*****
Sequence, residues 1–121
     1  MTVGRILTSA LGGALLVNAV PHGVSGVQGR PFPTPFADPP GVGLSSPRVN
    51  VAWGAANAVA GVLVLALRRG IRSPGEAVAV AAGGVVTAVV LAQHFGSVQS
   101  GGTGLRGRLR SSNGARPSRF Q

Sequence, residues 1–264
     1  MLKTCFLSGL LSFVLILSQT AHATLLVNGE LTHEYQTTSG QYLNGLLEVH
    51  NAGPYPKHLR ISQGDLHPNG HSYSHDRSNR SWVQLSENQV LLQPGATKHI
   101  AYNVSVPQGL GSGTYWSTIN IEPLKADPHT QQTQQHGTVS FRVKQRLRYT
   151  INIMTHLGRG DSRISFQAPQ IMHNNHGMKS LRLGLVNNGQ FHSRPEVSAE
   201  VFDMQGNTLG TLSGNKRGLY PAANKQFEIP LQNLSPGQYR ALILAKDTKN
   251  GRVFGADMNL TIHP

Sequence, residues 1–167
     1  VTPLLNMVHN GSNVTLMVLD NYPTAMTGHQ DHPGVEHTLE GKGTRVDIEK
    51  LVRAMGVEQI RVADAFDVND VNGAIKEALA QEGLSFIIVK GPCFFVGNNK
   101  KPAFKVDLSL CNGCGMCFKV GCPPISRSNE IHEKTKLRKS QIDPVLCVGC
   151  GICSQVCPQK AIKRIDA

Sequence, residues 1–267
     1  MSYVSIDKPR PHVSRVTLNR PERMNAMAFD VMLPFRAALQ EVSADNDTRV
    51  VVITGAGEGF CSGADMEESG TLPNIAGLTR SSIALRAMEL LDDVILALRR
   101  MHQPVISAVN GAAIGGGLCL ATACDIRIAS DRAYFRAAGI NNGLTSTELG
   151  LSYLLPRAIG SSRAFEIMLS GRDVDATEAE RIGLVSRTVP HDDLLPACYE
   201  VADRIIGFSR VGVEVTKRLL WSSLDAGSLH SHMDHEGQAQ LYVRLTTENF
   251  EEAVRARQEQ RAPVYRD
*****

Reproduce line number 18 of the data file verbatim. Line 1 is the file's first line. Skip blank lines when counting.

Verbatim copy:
     1  MSYVSIDKPR PHVSRVTLNR PERMNAMAFD VMLPFRAALQ EVSADNDTRV